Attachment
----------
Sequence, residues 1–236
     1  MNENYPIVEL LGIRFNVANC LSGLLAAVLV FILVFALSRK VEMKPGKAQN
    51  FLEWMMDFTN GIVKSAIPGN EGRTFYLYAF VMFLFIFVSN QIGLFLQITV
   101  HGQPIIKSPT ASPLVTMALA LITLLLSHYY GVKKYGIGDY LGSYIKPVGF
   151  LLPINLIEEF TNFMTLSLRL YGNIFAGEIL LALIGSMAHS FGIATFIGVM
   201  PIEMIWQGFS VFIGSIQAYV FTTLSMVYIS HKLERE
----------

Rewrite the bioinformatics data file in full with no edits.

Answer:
Sequence, residues 1–236
     1  MNENYPIVEL LGIRFNVANC LSGLLAAVLV FILVFALSRK VEMKPGKAQN
    51  FLEWMMDFTN GIVKSAIPGN EGRTFYLYAF VMFLFIFVSN QIGLFLQITV
   101  HGQPIIKSPT ASPLVTMALA LITLLLSHYY GVKKYGIGDY LGSYIKPVGF
   151  LLPINLIEEF TNFMTLSLRL YGNIFAGEIL LALIGSMAHS FGIATFIGVM
   201  PIEMIWQGFS VFIGSIQAYV FTTLSMVYIS HKLERE